37.  Dum mentionem facimus de hoc motu quo Christiani ad philosophiam accesserunt, merito memorari decet statum circumspectionis quem apud Christianos concitabant alia culturæ paganæ elementa, uti, exempli gratia, doctrina « gnostica ».  Philosophia, tanquam sapientia practica et schola vitæ, facile misceri poterat cum cognitione indolis superioris, arcanæ, paucis perfectis reservatæ.  Absque dubio Paulus ad hoc genus speculationum arcanarum mentem vertit, quum Colossenses ita admonet :  « Videte, ne quis vos deprædetur per philosophiam et inanem fallaciam secundum traditionem hominum, secundum elementa mundi et non secundum Christum » (2,8).  Quam hujus ætatis propria sunt Apostoli verba, si ea ad diversas arcanæ doctrinæ formas remittimus, quæ hodie etiam mentes pervadunt quorundam fidelium qui debito critico sensu carent.  Sancti Pauli vestigia sectantes, alii auctores I sæculi, præsertim S. Irenæus et Tertullianus, vicissim exceptiones posuerunt circa excogitationem culturalem quæ veritatem Revelationis interpretationi philosophorum subjicere intendebat. 37.  In tracing Christianity’s adoption of philosophy, one should not forget how cautiously Christians regarded other elements of the cultural world of paganism, one example of which is gnosticism.  It was easy to confuse philosophy — understood as practical wisdom and an education for life — with a higher and esoteric kind of knowledge, reserved to those few who were perfect.  It is surely this kind of esoteric speculation which Saint Paul has in mind when he puts the Colossians on their guard:  “See to it that no-one takes you captive through philosophy and empty deceit, according to human tradition, according to the elemental spirits of the universe and not according to Christ” (2:8).  The Apostle’s words seem all too pertinent now if we apply them to the various kinds of esoteric superstition widespread today, even among some believers who lack a proper critical sense.  Following Saint Paul, other writers of the early centuries, especially Saint Irenaeus and Tertullian, sound the alarm when confronted with a cultural perspective which sought to subordinate the truth of Revelation to the interpretation of the philosophers.
38.  Christianismi igitur cum philosophia conventio nec immediata nec facilis exstitit.  Usus philosophiæ et frequentatio scholarum primis Christianis conturbatio visa sunt potius quam lucrum.  Primum et urgens eorum munus erat nuntius Christi a mortuis exsuscitati, qui singulis proponendus erat hominibus, unde illi ad mentis conversionem et ad Baptismi petitionem conducerentur.  Quod tamen non significat eos munus ignoravisse perspiciendi cognitionem fidei ejusque causarum.  Prorsus aliter !  Iniqua ergo et simulata evadit exprobratio Celsi qui Christianum « imperitissimum quemque et rusticissimum »{31} accusare ausus est.  Causa hujus contemptionis initialis aliunde est perquirenda.  Revera, lectio Evangelii responsum ferebat tam satisfaciens quæstioni de vitæ sensu, illactenus nondum solutæ, ut philosophorum frequentatio res præterita videretur et, quodammodo, superata. 38.  Christianity’s engagement with philosophy was therefore neither straightforward nor immediate.  The practice of philosophy and attendance at philosophical schools seemed to the first Christians more of a disturbance than an opportunity.  For them, the first and most urgent task was the proclamation of the Risen Christ by way of a personal encounter which would bring the listener to conversion of heart and the request for Baptism.  But that does not mean that they ignored the task of deepening the understanding of faith and its motivations.  Quite the contrary.  That is why the criticism of Celsus — that Christians were “illiterate and uncouth”{31} — is unfounded and untrue.  Their initial disinterest is to be explained on other grounds.  The encounter with the Gospel offered such a satisfying answer to the hitherto unresolved question of life’s meaning that delving into the philosophers seemed to them something remote and in some ways outmoded.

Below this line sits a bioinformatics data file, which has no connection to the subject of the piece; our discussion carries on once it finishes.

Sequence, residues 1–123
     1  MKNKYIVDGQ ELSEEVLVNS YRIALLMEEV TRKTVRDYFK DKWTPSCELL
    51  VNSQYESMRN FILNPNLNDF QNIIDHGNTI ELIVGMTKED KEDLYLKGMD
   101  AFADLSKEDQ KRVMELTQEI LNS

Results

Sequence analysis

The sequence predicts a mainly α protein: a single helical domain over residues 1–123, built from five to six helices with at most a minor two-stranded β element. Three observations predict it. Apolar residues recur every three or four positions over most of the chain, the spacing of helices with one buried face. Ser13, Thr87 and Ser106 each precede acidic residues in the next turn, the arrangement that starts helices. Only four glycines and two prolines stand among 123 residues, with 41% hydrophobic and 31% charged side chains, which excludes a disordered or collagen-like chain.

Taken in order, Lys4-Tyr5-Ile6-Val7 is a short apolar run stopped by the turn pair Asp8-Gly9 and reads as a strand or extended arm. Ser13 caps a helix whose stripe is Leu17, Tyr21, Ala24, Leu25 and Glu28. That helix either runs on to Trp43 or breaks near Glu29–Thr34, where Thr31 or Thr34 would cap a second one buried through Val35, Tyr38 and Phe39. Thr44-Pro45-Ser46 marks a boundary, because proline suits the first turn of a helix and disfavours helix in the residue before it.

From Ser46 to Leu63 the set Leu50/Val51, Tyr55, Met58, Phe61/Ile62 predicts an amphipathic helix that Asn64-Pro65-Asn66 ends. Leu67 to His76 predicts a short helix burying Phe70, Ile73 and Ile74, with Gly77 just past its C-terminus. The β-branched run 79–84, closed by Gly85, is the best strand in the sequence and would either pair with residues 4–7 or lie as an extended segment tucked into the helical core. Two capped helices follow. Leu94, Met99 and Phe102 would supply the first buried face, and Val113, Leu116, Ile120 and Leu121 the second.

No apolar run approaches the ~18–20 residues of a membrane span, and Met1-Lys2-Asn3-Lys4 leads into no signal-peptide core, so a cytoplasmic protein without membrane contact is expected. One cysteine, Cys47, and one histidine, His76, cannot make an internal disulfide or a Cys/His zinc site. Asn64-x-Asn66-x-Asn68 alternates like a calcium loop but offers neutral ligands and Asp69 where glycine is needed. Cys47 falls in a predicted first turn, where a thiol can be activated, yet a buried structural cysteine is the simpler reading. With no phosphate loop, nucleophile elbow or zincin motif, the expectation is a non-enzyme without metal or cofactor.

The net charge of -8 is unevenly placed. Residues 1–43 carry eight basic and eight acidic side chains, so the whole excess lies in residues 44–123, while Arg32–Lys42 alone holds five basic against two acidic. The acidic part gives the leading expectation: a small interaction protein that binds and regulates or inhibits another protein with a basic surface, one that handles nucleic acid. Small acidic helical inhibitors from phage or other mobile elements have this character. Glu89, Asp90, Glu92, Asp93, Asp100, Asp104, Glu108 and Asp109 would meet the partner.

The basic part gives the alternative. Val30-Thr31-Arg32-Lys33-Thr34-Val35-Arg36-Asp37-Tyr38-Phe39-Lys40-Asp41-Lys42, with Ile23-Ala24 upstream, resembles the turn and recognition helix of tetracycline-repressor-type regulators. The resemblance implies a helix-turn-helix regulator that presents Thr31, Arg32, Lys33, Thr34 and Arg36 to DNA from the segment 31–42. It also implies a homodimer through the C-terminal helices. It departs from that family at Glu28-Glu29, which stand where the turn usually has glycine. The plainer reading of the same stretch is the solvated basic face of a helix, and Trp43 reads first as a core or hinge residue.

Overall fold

Quod quidem hodie clarius videtur, si ratio habeatur de contributione Christianismi vindicantis jus universale accedendi ad veritatem.  Dejectis repagulis stirpis, ordinis socialis et sexus, Christianismus inde ab exordiis nuntiavit æqualitatem omnium hominum coram Deo.  Primum hujus conceptus consectarium respexit argumentum de veritate.  Ita aperte superata est notio altioris societatis, cui apud antiquos perquisitio veritatis erat reservata.  Quandoquidem accessus ad veritatem bonum est quod ducit ad Deum, omnibus patere debuit hæc via percurrenda.  Viæ quæ ducunt ad veritatem multiplices perstant ;  attamen, eo quod christiana veritas vim salvificam possidet, unaquæque harum viarum percurri potest ea tamen condicione ut ad extremam metam conducant, videlicet ad Jesu Christi revelationem. That seems still more evident today, if we think of Christianity’s contribution to the affirmation of the right of everyone to have access to the truth.  In dismantling barriers of race, social status and gender, Christianity proclaimed from the first the equality of all men and women before God.  One prime implication of this touched the theme of truth.  The elitism which had characterized the ancients’ search for truth was clearly abandoned.  Since access to the truth enables access to God, it must be denied to none.  There are many paths which lead to truth, but since Christian truth has a salvific value, any one of these paths may be taken, as long as it leads to the final goal, that is to the Revelation of Jesus Christ.